The collect for John the Baptist’s holy day in The Book of Common Prayer reads: “Make us so to follow his doctrine and holy life, that we may truly repent according to his preaching; and after his example constantly speak the truth, boldly rebuking vice, and patiently suffer for the truth’s sake.”
Why do I tell you all this? First because I found it really interesting. Second because it is the lectionary lesson for the day. And also because it gives us the background to the murder of John the Baptist, and finally, because this story stands in such contrast to what the Epistle to the Ephesians says a Christian is to be.
Let’s take a closer look at the Ephesians passage. Chapter 1, verses 3-14 are one long sentence in the Greek. The passage is not so much a reasoned statement as a lyrical song of praise. The writer praises God for God’s great and wonderful gifts. God, who has blessed us with all spiritual blessings only found in heaven, even as we have been chosen that we might be holy and blameless and full of love.
Let us focus on just one concept here. We have been chosen to be holy and blameless and full of love. One of the songs we often sing here at Dayspring is “We are called, we are chosen, we are Christ for One another.” Jesus said, “You have not chosen me, but I have chosen you” (John 15:16) in order that we should be holy and blameless. To be holy means to be set apart from or to be different. A holy thing is something set apart for a special purpose. It has a significant meaning and is not to be used for ordinary everyday life. It is the same with a holy place – set aside as a “thin” place (to use the Celtic term). A sacred space where people can encounter God.
Dayspring is such a place. It has been set aside so that people can come and be still and get to know God. Many people have had transcendent experiences here. It is also set aside so that we can live lives which demonstrate ways in which we can live in harmony with the community of all life – rather than exploiting it for capital benefits we have this gift from which to live out call.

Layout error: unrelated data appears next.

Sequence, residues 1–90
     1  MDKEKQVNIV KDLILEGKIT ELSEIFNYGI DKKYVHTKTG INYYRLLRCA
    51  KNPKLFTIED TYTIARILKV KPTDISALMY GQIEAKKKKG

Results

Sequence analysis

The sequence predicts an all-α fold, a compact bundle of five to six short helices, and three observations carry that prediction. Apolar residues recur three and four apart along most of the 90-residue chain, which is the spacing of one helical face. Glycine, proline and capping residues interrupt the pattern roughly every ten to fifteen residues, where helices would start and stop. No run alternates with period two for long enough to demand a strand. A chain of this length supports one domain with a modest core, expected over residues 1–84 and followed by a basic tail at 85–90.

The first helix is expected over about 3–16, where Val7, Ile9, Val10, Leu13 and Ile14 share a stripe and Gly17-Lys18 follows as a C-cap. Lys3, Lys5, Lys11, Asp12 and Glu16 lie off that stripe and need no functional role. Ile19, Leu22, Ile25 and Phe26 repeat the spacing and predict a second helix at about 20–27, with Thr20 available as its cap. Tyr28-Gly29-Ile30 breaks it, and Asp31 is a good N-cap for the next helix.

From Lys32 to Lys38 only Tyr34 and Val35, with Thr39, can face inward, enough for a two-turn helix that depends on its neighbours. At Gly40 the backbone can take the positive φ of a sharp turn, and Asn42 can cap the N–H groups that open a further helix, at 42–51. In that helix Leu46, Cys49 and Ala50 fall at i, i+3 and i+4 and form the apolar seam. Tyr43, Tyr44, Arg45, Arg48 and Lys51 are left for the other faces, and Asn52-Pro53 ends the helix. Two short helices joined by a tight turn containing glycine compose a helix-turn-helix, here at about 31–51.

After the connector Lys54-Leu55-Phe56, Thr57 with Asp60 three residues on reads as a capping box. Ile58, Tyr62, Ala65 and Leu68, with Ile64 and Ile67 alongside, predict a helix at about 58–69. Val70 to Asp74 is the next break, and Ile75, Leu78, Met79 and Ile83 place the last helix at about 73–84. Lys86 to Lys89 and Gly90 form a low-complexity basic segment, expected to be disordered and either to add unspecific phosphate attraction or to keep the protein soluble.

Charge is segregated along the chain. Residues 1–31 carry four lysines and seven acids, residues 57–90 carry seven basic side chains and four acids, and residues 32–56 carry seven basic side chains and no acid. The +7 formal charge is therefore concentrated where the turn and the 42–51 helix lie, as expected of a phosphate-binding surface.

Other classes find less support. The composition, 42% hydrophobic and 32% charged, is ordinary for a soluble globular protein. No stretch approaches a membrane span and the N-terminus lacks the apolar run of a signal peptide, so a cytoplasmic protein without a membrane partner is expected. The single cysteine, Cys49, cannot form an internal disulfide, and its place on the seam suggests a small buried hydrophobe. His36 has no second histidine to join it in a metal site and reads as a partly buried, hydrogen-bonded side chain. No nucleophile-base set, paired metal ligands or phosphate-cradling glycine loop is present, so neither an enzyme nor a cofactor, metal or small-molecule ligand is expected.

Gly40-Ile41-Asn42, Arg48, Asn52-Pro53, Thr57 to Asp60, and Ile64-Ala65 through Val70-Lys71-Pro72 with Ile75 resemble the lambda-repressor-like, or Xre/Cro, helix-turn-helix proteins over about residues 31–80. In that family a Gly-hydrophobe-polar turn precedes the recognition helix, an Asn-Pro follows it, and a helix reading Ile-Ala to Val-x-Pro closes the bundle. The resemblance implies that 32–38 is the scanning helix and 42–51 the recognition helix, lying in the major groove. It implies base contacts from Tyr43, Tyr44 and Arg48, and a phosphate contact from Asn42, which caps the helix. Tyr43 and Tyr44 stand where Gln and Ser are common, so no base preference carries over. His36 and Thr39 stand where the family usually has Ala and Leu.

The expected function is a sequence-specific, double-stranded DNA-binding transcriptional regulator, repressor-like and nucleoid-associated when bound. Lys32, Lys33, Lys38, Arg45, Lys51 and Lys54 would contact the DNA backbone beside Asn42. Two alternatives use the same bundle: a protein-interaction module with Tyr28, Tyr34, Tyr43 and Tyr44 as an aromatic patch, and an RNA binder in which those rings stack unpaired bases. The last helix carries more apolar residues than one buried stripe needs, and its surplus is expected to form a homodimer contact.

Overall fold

God is holy, is other, is different. And God, who is love, calls us to follow and to love.
In the early church, Christians were very different – holy. It was so obvious that being Christian caused the Christians a lot of problems – even sometimes martyrdom. But now the tendency of the Church is to play down the difference between the Church and the world. As long as one lives a relatively decent life and attends church from time to time, one can consider oneself to be a Christian. We do not have to be so different anymore.
One of the most profound things about The Church of the Saviour, and one of the main reasons I was so drawn here, was that here was a group of radically different, excited, committed Christians being accountable to a small group and following call.
John Wesley once said, “I am not afraid that the people called Methodists should ever cease to exist, but I am afraid that they may become a dead sect.” I wonder if Gordon Cosby sometimes feels the same way?
In the light of this passage from Ephesians, the question I am asking myself, and suggesting that perhaps we all need to ask ourselves is, Am I living a life that is different, holy? And as a church, are we still as called and as motivated as we were in earlier years, when we were more closely connected as The Church of the Saviour? Are we living holy lives? More compassionate, more loving more patient and more filled with the Holy Spirit than last year, or even last week?
I have spent 20 years as a member of this Dayspring community, 15 of those years committed to the Wellspring Mission Group. Since the mission group’s life ended 18 months ago, I confess that my life has felt dry and ordinary. I say before you now that I am open to God for a new, invigorating call, or else to see what I do everyday in a new and different light.
Sermon by Janet Hudson
God and Empire by John Dominic Crossan (Harper: San Francisco, 2007)
The Letters to the Galatians and Ephesians by William Barclay (St Andrew Press: Edinburgh, 1954)
The Daily Study Bible, Gospel of Mark by William Barclay (St Andrew Press Edinburgh, 1954)